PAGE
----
NOT FUNAnd, on a personal note, Celeste is the game I played most during the Spring Quarantine of 2020. The world was falling apart in drastically unprecedented ways, I personally had no guarantee whether or not I would have any kind of income from day to day (spoilers for anyone concerned: I made out okay), and there was the threat of a deadly virus striking seemingly at all times. Granted, as I write this article, things aren’t much better, but there’s now a certain kind of uncomfortable familiarity with the situation. Yes, leaving the house is still a gauntlet of social distancing not unlike attempting to dash through a hotel filled with malevolent and deadly energy, but at least it no longer feels like the whole of society is going to gradually slide into the nearest ocean (we have to wait for 2038 for that). Back in March, when everything was unknown and something as basic as “wear a mask” was reported with equal claims of it being our one saving grace and a way to instantly obtain a malady known as “fungus nose”, things were a lot more ambiguous. And, thinking back on that time, I can safely say that I was probably about thirty seconds away from a mental breakdown every moment. I won’t exactly say I was tangibly depressed, but it was more like I was… concerned. Perpetually concerned. Perpetually might-have-a-heart-attack concerned. In retrospect, it was a surprisingly gentle time, as most businesses were closed (so there was little reason to go outside and risk my life for a damn haircut), the concept that someone might be financially hurting was universally understood (extra unemployment and money from a government that was pretending to care about its citizens that week), and, give or take some supermarket meltdowns, people seemed unusually empathetic for a month or so (we’re all in this together!). Maybe it was just an illusion brought on by not having to directly deal with (much of) the public for a month or so, but, in retrospect, the general start of this COVID insanity seemed like it was the best part; something approaching a reprieve before we settled into Let's move itthe usual rhythms of watching our leaders toss more and more “essential” workers into the meat grinder. But when that “reprieve” was happening, it seemed like anything but, as I deal with uncertainty about as well as having a swarm of bees in my pants. March and April’s COVID situation brought me seemingly unlimited stress, and I chose to relax by… playing a game that is supposed to be stressful.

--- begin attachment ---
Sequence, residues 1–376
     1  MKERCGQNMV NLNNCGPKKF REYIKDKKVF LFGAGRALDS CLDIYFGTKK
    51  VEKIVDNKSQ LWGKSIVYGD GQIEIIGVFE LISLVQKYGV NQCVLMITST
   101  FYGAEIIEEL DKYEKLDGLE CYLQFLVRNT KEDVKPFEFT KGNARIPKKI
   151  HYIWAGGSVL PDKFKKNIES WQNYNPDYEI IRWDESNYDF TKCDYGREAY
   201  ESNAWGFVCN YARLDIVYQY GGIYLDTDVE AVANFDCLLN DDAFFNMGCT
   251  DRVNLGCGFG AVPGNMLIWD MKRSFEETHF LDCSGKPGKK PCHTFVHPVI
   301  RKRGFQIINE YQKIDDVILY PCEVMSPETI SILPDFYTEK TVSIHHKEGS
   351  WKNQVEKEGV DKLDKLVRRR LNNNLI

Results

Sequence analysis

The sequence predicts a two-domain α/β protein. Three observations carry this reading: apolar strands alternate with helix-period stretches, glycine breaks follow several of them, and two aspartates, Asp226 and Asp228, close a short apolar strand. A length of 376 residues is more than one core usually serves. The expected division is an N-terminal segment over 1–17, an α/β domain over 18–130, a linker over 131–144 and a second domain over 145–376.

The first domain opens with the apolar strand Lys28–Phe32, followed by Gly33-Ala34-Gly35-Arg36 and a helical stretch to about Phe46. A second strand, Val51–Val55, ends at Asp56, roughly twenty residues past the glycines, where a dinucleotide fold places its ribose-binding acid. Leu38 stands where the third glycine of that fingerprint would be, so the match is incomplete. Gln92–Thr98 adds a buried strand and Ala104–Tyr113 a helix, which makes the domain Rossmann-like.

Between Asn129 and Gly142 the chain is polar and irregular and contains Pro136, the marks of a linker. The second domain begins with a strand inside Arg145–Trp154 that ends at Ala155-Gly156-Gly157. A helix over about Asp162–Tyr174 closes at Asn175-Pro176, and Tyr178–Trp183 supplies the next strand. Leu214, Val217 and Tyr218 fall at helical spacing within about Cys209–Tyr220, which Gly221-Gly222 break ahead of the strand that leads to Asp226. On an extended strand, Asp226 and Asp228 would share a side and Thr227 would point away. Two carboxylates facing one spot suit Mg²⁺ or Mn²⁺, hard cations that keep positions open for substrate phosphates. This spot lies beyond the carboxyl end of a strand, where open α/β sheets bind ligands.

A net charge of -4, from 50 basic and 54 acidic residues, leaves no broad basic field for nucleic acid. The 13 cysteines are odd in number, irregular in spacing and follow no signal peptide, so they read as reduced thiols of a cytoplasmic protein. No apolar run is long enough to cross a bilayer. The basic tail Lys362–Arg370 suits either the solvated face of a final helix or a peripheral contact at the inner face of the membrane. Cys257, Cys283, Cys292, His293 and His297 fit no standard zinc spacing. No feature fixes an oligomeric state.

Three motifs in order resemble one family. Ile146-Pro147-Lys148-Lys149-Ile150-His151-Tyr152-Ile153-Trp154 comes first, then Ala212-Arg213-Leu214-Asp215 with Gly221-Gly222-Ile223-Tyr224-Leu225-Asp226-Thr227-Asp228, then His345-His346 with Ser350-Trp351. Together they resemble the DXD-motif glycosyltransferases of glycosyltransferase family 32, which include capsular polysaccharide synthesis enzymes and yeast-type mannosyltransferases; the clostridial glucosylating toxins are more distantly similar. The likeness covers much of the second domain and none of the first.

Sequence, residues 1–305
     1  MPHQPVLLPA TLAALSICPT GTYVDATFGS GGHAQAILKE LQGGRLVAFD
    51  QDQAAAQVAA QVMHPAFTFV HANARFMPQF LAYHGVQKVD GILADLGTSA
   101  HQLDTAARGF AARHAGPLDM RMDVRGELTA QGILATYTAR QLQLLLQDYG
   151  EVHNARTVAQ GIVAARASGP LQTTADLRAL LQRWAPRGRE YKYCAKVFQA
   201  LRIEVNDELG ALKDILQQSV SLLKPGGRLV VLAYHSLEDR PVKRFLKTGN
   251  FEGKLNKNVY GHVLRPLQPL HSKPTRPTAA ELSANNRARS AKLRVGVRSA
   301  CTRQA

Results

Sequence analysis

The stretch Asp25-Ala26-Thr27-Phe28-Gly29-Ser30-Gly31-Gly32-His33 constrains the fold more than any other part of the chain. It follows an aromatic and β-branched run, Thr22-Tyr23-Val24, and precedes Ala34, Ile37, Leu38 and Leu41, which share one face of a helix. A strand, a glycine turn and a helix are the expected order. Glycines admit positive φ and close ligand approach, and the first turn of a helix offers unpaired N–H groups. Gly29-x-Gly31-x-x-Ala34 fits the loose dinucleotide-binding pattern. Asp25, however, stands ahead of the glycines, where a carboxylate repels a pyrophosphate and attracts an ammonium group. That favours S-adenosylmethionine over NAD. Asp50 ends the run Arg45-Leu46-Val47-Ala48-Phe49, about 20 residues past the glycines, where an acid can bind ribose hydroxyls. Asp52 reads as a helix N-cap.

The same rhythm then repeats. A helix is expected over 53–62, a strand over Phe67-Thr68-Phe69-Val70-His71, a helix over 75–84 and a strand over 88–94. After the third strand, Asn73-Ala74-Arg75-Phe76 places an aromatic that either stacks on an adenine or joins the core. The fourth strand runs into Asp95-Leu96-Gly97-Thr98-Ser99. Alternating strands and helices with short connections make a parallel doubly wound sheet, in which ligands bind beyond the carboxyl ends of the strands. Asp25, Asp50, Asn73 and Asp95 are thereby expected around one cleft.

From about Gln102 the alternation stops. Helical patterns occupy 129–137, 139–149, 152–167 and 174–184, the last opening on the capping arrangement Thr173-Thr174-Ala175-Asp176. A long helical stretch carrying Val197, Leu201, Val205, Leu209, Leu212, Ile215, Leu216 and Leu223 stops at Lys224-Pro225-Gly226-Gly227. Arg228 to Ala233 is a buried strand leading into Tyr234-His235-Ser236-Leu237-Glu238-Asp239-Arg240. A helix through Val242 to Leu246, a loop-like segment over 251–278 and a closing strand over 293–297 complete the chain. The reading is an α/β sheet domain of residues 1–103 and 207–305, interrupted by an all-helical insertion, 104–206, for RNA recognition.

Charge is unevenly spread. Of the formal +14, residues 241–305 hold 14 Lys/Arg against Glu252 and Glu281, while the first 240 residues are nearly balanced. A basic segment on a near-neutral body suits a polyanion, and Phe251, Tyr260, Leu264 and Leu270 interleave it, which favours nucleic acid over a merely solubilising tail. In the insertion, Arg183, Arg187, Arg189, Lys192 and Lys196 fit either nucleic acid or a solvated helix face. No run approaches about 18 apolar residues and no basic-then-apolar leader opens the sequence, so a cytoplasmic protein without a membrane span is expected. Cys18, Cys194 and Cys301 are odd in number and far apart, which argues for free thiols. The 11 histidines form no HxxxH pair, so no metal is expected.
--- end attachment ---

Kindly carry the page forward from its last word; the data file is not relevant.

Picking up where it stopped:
And it eventually dawned on me why I was doing such a thing: even when it seems impossible to make progress in Celeste, even when the next obstacle seems completely insurmountable, even if you’re barely trying, if you fail, at least you won’t lose anything.

And, in an uncertain world, that is infinitely comforting.

Celeste is about climbing a mountain, yes, but the climb happens one screen at a time. Madeline might be required to exhibit some arduous acrobatics, but if she fails, she’s immediately returned to the last place she had even footing. There are no continues that have to be conserved, or lives that have to be limited. While you will lose a strawberry bonus for dying halfway through its retrieval, once you have hit solid ground with your bounty, there’s no way to lose that prize, whether through immediately failing on the same screen, or at some later point in the level. Celeste is also extremely forgiving with save locations, so you can pop into a precise third of a stage if you want to clock in some practice in a particular area. Madeline may become frequently frustrated by the various trials she has to face, but the player is given every advantage in attempting the climb. There might be a number quickly approaching infinity next to that death count, but it’s all worth it if you finish the stage. You won’t be locked out of any future content for burying Madeline more often than the X-Men.

And, hell, I don’t know what Madeline has to worry about. I’m pretty sure I’d be happy as a clam if I mortally screwed up over and over, but came back fresh as a daisy five seconds later every time.